Learn with Lindbergh: Granby aviation museum details historic pilot’s local ties (with video)
GRANBY — On May 20, 1927, a shy aviation enthusiast took off from Roosevelt Field in New York and landed, 33-and-a-half hours later, 3,600 miles away in Paris. It was the first completion of a non-stop solo transatlantic flight.
That pilot, Charles Lindbergh, had made history and was considered a national hero.
While most people are aware of Lindbergh’s historic flight, what’s not as well known is his connection to Grand County.
Those local ties were discussed Monday during a celebration of the 92nd anniversary of Lindbergh’s flight.
Will O’Donnell, donning similar clothing worn on the 1927 flight and closely resembling the famed aviator, impersonated Lindbergh during the celebration at the Emily Warner Field Aviation Museum in Granby.
“The transatlantic flight was the news of the day,” exclaimed O’Donnell. “Every newspaper around the world that day was filled with the story of the flight… and it’s pretty neat that we have that connection.”
Indeed, the stories of Grand County and Lindbergh are undeniably interwoven.
Before his world-famous flight in 1927, Lindbergh worked as a flight instructor for a man named Harry Knight, a leading banker in St. Louis.
Knight was essential in funding the Spirit of St. Louis, Lindbergh’s custom-built monoplane he used to make his flight. He owned a ranch — which now resides under Lake Granby — where Lindbergh and his wife, Anne, would spend summers and give flying tours of Grand County prior to their son’s infamous and tragic kidnapping and murder.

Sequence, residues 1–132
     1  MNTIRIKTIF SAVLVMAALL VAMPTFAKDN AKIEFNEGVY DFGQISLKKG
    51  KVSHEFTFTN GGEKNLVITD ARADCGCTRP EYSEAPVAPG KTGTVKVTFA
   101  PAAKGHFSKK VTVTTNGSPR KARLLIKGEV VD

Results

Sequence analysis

Moreover, Lone Eagle Peak, located in the Indian Peaks Wilderness area, is named for Lindbergh’s call sign.
Story continues below video.
“That’s why we have this event because it’s important that our community knows the history of Lindbergh and Grand County,” commented Penny Hamilton, founder of the museum. “One of the most iconic aviators in American history used to fly in Granby. That’s just so unique.”
The storytelling session was followed by a special bagpipe tribute led by Mark Daniel, showing how Parisians would have greeted Lindbergh upon his landing in 1927.
The Emily Warner Field Aviation Museum opens for the summer season June 1, and will close on Sept. 1. The museum is open every Friday and Saturday from 11 a.m. to 2 p.m., and is free to all visitors.
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